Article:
“Tearing up the tracks flies in the face of good economic sense,” said Next Stop Tupper Lake Chairman Dan McClelland, who is also the editor and publisher of the Tupper Lake Free Press.
While trail supporters say it’s not possible to put a trail alongside rehabilitated tracks, rail supporters say it is possible. David Tomberlin, a town councilman and Next Stop member, said ARTA members call the proposition too expensive, but maybe it’s time to put a number to it and see if it’s possible to get that amount of money.
A number of the rail supporters also said they’re worried that if the UMP is opened, environmental groups will seek to shut down at least parts of the corridor to motorized traffic. Saranac Laker Phil Gallos, who questioned projections from a study the ARTA commissioned, said environmental groups have been talking about closing the corridor to snowmobiles since the 1980s, though some say now they will support them if a recreational trail is installed.
“It’s taking a huge risk, because these ideas don’t just disappear,” Gallos said. “These are long-term goals.”
Gallos also said other people are likely to fight getting rid of the tracks, including historic preservationists and people who live along the corridor.
“This is not going to be quick and easy,” Gallos said.
Chris Keniston called that kind of talk fear-mongering, and village Trustee Rick Donah, who offered the resolution up for a vote in December and again this month, said the local municipalities can’t stop trying to move forward just because they’re scared of what environmental groups might do.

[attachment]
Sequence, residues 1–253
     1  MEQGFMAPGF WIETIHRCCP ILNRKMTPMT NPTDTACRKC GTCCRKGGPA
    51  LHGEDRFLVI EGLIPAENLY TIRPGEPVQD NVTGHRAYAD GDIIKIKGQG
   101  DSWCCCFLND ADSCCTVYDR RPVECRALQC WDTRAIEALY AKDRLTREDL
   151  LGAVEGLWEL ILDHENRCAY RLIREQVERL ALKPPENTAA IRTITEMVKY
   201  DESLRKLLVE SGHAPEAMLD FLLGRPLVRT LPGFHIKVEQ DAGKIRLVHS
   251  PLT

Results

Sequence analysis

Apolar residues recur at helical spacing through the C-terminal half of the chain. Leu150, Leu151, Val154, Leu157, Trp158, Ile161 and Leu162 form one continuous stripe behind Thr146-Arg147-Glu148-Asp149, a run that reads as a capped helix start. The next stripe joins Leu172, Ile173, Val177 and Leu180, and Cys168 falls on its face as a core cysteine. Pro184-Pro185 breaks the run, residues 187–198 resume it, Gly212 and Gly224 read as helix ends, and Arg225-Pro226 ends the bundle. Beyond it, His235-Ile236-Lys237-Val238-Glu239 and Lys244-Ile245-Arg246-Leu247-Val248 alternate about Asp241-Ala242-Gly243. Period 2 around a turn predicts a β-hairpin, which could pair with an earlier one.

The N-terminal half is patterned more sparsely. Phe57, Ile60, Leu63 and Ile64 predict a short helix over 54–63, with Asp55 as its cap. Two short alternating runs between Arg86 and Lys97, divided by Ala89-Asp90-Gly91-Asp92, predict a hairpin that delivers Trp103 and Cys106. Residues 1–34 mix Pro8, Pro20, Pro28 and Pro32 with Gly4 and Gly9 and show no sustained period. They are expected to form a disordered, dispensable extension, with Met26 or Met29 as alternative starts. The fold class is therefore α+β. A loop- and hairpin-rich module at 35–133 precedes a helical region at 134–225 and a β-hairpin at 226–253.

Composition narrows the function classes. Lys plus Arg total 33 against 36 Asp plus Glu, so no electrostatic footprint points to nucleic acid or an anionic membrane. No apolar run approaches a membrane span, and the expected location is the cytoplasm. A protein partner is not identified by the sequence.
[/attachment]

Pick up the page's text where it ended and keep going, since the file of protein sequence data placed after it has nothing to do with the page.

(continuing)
“If we’re going to fear what they may do, we might as well just pack it up now,” Donah said.
The topic has been controversial in Tupper Lake in recent years. The town has strong ties to the rail industry, but more and more people see getting rid of the tracks as a way to a more tourism-based economic future for the town.
“I love Tupper Lake, but I hate all this contention,” said Suzanne Orlando.
Donah said some business owners have been afraid of speaking out in favor of trails.
“It shouldn’t be that way,” Donah said. “Everybody should have a voice.
After everyone was given a chance to talk on the subject, village board members made their decisions. All four trustees voted in favor of the resolution, while Mayor Paul Maroun cast the only nay vote.
“We’ve got to stop living in the past,” said Trustee Tom Snyder. “Can’t look behind. Our history is bad.”
Maroun said he believes it’s possible for the North Country to get the money to do both rehabilitated rail and a trail in the corridor if the state can give several billion dollars to remake the Tappan Zee Bridge.
Despite the vote not going his way, Maroun said he was impressed with all the people at the meeting speaking their minds.
“It was an interesting decision,” Maroun said. “It was government at its best.”
Next Stop board member Kathy Lefebvre said the people working on rail rehabilitation will continue to move ahead, since she expects it to take at least half a decade for the state to get around to opening up the UMP.
Dan Mecklenburg, also part of Next Stop’s leadership, said he wouldn’t be surprised if next year the tracks have been rehabilitated from Saranac Lake to Tupper Lake and trains could be heard pulling into Tupper’s train depot.
“It’s that close,” Mecklenburg said.
Maroun said the resolution will be sent to all of Tupper Lake’s state representatives.
Contact Jessica Collier at 891-2600 ext. 26 or email@example.com.